“This is a way for us to look and see what we can do to keep something from happening,” said city Public Safety Coordinator Peter Castro. “We want to see what’s important to the community to make sure we’re taking the right steps with our hazard mitigation plan.”
Castro said residents who could not make the meeting but still wish to participate have until April 8 to fill out a survey. Copies are available at City Hall and on the city’s website, www.lacanadaflintridge.com, under the “hazard mitigation survey” link.
A follow-up meeting will occur in late April or early May to respond to residents’ concerns before plans are finalized, he added.
So far, residents have suggested a number of disaster-preparedness options.
William Pounders, a retired Los Angeles Superior Court judge, wrote that city officials should push for more La Cañada Flintridge residents to undergo Volunteer Emergency Response Team (VERT) training. VERT training teaches earthquake readiness, first aid, light search and rescue, do-it-yourself fire suppression and emergency communications skills so residents can pitch in as first responders in the event of a disaster.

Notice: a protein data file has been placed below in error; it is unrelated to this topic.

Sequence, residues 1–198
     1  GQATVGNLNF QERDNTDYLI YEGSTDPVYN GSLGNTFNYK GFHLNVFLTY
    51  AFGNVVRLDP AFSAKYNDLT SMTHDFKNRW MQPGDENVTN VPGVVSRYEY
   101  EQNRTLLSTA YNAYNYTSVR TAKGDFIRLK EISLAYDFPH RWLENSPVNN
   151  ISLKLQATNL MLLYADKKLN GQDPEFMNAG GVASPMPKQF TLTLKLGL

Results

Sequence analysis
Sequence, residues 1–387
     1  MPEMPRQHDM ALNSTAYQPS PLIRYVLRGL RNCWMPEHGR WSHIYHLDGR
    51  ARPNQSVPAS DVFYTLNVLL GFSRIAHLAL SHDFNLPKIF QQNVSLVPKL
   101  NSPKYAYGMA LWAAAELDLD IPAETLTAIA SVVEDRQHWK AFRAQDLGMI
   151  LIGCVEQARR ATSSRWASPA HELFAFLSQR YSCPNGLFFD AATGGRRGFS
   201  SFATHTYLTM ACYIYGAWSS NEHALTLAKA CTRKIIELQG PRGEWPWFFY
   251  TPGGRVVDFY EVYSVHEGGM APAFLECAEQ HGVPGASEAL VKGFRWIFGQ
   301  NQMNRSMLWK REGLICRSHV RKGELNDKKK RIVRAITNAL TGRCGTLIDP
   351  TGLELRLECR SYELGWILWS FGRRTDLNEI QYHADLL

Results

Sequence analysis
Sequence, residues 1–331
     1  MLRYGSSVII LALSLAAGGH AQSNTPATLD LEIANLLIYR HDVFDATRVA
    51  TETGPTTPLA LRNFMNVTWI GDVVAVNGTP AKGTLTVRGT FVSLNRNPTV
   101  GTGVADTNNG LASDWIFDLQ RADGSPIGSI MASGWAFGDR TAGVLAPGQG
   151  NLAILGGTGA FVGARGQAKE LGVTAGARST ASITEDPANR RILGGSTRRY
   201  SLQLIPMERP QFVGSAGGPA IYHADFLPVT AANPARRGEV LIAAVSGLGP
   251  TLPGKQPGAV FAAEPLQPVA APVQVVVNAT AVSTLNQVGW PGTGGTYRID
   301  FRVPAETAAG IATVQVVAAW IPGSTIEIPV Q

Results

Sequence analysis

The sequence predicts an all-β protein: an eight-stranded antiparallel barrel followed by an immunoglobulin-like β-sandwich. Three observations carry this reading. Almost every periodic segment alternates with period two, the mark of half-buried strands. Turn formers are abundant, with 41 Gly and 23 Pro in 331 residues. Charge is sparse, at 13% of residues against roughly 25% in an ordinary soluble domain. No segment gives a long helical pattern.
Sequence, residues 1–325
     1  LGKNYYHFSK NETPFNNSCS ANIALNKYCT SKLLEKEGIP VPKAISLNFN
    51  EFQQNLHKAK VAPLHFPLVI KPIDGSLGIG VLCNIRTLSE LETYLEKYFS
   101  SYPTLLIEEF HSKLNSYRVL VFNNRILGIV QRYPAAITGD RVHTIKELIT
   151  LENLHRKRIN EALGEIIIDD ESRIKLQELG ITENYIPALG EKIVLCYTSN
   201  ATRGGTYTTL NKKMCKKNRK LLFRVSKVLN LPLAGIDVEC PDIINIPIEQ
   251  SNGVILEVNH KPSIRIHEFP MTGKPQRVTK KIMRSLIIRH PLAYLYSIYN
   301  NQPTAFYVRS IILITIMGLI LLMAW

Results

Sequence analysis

Kent Allmon, director of facilities for Flintridge Sacred Heart Academy, hopes the city will spend more time assessing fire threats posed by vacant, brush-covered land near homes and businesses, supporting or expanding current efforts by the L.A. County Fire Department.
La Cañada Flintridge Chamber of Commerce President Pat Anderson, whose home was severely damaged by post-Station fire mudslides near the Mullally debris basin, filed two surveys: one on behalf of the business community, the other as a homeowner.